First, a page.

I don't know why, but I haven't written an article on house mice in over three years. I used to get letters about them four or five times a year. Last week, I finally got one.
No matter what you think about house mice, you have to admit that they are an adaptive species. The common house mouse (Mus musculus) probably originated in Central Asia and began its worldwide spread along the ancient Silk Road, traveling to Europe, tagging along with the caravans. They, along with Norwegian rats, wharf rats and humans, are considered the most widespread terrestrial animal.
The typical mouse has light brown-gray fur with slightly lighter under parts. They have large ears, a pointed nose and a long tail. Mice can be found wherever humans are and in some places we aren't. Mice have made themselves at home in our homes as well as deserts, the tropics and mountainous areas. They can be found in cities, small towns and in rural areas. The house mouse isn't necessarily tied to the human race but it does seem to like being close to us.
Mice reproduce very rapidly. They have to. Every predator out there finds the house mouse to be a tasty snack. A female house mouse can become sexually mature in just six weeks from its own birth. Gestation lasts 19 to 21 days and, immediately after giving birth, a female mouse can mate and begin the whole cycle all over again. Under ideal conditions, a mouse can give birth every 25 days. Since a mouse can live up to two years, a single female can potentially produce over 3 million offspring during its life. I thank Mama Nature for all those predators.
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So, what can you do if you don't want mice moving in on you? First, seal off all routes of entry including gaps in walls, around pipes and wires, windows and doors. Remember, a mouse can squeeze through a hole as small as a pencil eraser.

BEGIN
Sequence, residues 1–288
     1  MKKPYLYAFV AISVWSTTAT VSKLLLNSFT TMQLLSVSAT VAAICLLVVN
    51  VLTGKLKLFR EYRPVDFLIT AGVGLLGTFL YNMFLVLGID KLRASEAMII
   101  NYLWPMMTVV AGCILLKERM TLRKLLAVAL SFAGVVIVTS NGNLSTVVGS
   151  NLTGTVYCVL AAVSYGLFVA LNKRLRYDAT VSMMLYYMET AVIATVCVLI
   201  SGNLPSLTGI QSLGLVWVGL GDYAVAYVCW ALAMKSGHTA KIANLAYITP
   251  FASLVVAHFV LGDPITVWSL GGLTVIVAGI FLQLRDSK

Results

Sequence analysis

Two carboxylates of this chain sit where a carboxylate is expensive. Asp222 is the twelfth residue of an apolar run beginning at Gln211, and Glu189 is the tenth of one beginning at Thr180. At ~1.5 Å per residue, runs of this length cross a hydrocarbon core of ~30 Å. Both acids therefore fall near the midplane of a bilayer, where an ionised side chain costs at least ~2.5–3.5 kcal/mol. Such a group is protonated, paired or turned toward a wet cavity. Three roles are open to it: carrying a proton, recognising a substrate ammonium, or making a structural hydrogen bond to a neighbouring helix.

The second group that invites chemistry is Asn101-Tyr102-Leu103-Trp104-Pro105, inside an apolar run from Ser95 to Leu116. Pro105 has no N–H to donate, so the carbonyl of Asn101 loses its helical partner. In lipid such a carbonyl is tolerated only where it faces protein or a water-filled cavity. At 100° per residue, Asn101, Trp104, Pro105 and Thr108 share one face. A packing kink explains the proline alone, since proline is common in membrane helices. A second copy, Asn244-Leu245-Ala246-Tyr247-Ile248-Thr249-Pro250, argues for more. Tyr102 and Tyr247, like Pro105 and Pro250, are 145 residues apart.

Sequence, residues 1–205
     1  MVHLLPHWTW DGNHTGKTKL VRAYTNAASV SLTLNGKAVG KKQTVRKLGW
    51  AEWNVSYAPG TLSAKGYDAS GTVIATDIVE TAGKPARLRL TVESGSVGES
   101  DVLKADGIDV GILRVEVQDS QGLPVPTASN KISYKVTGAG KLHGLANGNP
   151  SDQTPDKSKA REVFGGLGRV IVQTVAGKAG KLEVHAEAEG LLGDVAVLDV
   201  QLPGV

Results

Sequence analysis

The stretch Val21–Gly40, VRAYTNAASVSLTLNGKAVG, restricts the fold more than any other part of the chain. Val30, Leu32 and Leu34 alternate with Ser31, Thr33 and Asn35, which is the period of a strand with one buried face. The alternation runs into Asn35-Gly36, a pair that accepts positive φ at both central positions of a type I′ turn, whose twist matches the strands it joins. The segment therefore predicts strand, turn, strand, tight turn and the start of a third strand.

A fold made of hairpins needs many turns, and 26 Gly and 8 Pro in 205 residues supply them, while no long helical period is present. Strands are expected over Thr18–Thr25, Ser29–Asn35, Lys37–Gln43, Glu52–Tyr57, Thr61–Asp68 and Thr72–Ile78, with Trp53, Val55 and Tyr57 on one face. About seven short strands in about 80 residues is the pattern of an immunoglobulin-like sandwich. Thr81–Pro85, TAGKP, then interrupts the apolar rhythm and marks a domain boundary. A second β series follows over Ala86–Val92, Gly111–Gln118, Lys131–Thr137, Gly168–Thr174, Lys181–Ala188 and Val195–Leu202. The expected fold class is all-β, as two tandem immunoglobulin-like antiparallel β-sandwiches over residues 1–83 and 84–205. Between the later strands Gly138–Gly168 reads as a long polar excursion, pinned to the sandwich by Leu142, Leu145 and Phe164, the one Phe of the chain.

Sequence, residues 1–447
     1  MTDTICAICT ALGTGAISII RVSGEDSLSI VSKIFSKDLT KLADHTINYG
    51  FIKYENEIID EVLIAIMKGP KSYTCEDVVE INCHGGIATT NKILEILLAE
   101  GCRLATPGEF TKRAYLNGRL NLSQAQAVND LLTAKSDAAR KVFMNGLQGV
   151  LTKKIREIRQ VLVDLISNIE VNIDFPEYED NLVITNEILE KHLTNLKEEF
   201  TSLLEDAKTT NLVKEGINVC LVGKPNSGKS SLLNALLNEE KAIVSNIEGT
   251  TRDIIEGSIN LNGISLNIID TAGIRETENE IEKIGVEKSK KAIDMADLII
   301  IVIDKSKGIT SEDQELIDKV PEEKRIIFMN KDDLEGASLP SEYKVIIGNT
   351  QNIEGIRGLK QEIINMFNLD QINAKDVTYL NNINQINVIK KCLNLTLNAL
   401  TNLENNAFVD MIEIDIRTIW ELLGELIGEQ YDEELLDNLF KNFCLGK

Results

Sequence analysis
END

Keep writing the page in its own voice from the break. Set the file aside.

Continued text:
Next, even though a mouse will eat almost anything, it loves bird feed and dog and cat food. Don't leave any food out for your pets overnight (mice are nocturnal). Keep all of your food tightly sealed. Put your garbage in a container with a tight-fitting or heavy lid.
Set traps in any area where you find droppings. Bait the trap with peanut butter (a dab about the size of a pea is enough) and place against the wall away from curious kids and pets. If you catch any mice, remove the victim using a plastic bag turned inside out and disinfect the area with bleach.
Remove any trash and overgrown vegetation from around the outside of your home. They can use it to hide.
If you decide to take the poison bait route, set the bait in areas where your kids and pets can't get to it. Mice are nibblers and it might be a while before you notice if the bait is being consumed.
Remember, if you see one mouse, it doesn't mean that you have an infestation. However, left to their own devices, you could have a problem in short order.
Tim Lockley, a specialist in entomology, is retired from a 30-year career as a research scientist for the U.S. Department of Agriculture. For answers to individual questions, please send a stamped, self-addressed envelope to Tim Lockley, c/o Sun Herald, P.O. Box 4567, Biloxi MS 39535.